I’ll do a full recount of 2020 networth once the year is over as there are still a few paychecks coming in and expenses going out. I’ve spent way too much on fixing up my new house and it isn’t done yet. Next year I’ll prob spend too much buying furniture for the house (to be fair, we’ve moved from an 800 sq ft one bedroom where we were still using mostly craigslist furniture or IKEA stuff I bought when I was 22) to a nearly 2000 sq ft house… we don’t even have a kitchen table right now or any place to sit outside in our yard except our camping chairs. So I’m going to splurge because life is now and we are in a good place to buy things to increase our quality of life without going overboard. I’m not talking luxury items but thing that will make us happy because we spend most of our time in this house (well pretty much all of our time now) so…
My boss’s boss (my former boss) even liked a small project I did this week, which made me quite happy. I know I’ll never be able to be good enough for this company, but if I can keep turning in quality work I can survive through the end of next year, which means $3M net worth is no longer a pipe dream. And once you hit $3M, theoretically you can make 10% on that YoY and get to $5M in 6 years. Yea, 10% YoY gains six years in a row after a bull market is quite unlikely (might see 6% YoY losses) but being this close of striking range to the $5M net worth goal is… just… well, I don’t even know what to think about it. If I can get to $5M by age 40, that would be a whole other level of crazy. And if I’m going to do it, that’s on me. My husband brings in a stable $90k a year, and that certainly helps, but I’ve got to lean into the crazy that is RSU growth in Silicon Valley’s top-performing companies, negotiate well for my next gig, and just hold on for dear life. I have no interest in being a VP anymore — I just want to FAT FIRE (well FIOR – financial independence, optional retirement.) $3M gets us close. $5M gets us all the way. Can I get to $5M by 40? Even by my calculations that’s highly unlikely. But a few years ago $2M by 37 was also very unlikely. So anything is possible. And when I set my mind to something, well, either I ADHD space out and it never happens. Or I ADHD super focus on it and I get there.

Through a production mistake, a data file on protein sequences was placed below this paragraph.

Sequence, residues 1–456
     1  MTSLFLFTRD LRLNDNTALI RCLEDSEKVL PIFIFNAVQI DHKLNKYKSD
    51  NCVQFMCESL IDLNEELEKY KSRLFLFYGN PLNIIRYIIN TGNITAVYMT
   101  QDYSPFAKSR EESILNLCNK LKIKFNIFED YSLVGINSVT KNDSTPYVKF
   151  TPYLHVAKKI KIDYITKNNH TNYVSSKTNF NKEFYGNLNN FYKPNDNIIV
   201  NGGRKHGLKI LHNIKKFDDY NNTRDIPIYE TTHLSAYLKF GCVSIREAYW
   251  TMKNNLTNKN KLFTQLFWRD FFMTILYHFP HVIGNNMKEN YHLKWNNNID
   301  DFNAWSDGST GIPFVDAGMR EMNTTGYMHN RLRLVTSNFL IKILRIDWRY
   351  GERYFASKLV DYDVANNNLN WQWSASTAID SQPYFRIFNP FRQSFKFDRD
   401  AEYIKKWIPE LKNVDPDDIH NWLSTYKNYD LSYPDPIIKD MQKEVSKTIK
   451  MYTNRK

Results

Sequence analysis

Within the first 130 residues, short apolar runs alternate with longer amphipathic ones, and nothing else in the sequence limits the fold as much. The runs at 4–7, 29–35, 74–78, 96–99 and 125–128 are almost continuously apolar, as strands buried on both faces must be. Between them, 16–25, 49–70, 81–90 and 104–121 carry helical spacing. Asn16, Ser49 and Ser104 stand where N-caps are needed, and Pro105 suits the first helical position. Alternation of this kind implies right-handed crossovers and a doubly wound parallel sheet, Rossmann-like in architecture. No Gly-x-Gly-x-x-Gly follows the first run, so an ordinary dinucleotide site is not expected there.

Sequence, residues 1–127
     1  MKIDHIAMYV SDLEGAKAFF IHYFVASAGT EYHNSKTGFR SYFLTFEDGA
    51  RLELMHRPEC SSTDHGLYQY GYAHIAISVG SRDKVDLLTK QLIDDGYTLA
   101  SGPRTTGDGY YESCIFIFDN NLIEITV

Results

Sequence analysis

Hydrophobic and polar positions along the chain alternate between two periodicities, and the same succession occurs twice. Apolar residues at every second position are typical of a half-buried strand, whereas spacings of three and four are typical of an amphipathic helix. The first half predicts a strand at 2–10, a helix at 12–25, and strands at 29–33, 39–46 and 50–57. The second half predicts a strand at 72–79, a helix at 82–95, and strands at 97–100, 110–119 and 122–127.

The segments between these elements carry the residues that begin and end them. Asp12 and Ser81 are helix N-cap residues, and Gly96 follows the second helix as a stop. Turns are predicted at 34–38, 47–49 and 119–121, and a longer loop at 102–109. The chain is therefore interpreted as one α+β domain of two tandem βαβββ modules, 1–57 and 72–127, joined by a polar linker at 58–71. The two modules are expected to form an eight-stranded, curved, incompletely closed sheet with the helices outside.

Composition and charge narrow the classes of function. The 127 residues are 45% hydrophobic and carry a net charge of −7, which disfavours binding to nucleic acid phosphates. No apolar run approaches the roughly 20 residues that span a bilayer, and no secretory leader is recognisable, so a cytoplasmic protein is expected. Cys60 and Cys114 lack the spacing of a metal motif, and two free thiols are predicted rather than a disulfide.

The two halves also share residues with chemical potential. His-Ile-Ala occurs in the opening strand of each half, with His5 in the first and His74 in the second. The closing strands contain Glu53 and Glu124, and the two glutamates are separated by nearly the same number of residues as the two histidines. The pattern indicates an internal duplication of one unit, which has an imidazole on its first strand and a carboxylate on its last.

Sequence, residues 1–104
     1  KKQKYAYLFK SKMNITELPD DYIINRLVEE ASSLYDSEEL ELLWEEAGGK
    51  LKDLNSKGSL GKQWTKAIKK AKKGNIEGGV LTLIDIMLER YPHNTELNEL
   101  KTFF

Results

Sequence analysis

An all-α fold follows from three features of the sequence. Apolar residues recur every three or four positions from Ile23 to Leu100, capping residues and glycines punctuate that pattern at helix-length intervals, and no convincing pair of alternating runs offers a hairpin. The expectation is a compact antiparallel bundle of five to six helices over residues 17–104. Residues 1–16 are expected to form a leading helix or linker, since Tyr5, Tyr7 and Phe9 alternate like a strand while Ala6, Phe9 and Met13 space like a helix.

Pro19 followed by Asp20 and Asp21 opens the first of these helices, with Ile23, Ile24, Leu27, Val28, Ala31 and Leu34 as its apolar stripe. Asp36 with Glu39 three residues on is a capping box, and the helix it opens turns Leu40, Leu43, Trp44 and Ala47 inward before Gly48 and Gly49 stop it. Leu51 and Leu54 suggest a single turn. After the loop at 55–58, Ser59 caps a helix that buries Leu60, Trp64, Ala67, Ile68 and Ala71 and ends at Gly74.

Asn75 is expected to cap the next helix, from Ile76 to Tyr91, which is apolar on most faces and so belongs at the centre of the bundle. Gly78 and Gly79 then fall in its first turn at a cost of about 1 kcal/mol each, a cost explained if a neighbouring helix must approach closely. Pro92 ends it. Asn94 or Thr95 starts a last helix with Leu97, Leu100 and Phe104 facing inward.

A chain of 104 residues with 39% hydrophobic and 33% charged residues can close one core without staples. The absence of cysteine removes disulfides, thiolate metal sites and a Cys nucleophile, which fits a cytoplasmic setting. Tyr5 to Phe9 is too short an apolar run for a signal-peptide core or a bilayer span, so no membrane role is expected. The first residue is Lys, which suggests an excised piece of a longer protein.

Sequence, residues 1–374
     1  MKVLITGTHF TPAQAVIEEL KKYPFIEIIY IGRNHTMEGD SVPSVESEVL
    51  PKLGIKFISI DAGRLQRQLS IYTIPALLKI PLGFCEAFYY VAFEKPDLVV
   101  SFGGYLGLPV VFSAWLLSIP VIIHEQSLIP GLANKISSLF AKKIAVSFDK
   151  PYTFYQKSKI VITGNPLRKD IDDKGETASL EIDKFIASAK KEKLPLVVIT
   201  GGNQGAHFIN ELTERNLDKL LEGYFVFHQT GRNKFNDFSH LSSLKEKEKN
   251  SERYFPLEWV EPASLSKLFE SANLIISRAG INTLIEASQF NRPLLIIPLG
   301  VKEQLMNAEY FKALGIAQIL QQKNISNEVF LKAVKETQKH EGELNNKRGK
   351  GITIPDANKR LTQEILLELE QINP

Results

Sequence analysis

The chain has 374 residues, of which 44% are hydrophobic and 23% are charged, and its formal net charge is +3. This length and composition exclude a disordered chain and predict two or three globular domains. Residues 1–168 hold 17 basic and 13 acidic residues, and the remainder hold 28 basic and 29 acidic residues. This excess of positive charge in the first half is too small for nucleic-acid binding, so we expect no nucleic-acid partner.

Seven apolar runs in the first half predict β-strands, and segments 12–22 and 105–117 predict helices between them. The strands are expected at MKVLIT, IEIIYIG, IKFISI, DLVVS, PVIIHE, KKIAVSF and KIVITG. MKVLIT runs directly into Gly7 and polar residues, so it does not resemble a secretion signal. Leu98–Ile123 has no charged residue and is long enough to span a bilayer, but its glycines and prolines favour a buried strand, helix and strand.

To my readers out there, thanks for your support along the way. I hope it is as fun for you to watch my nutty progress as it is to live it on my end. Right now my biggest focus is on NOT getting coronavirus, surviving childbirth, having a healthy baby, and getting myself healthy in the year ahead. It’s ALL possible. The world SUCKS right now and it’s hard to stay positive, but at least for me, good things are happening. I don’t deserve these good things any more or less than the next person. I am grateful and in awe of how the world works in such mysterious ways.
And I like that my couch fits so nicely in my family room. And I want a kitchen table.